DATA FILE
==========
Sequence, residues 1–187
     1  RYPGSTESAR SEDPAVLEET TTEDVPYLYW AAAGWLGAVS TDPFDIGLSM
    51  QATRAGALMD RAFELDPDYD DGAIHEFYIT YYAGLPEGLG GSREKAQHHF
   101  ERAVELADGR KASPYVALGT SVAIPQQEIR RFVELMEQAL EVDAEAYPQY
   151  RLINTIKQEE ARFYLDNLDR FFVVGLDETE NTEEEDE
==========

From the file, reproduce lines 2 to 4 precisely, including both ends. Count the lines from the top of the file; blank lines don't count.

     1  RYPGSTESAR SEDPAVLEET TTEDVPYLYW AAAGWLGAVS TDPFDIGLSM
    51  QATRAGALMD RAFELDPDYD DGAIHEFYIT YYAGLPEGLG GSREKAQHHF
   101  ERAVELADGR KASPYVALGT SVAIPQQEIR RFVELMEQAL EVDAEAYPQY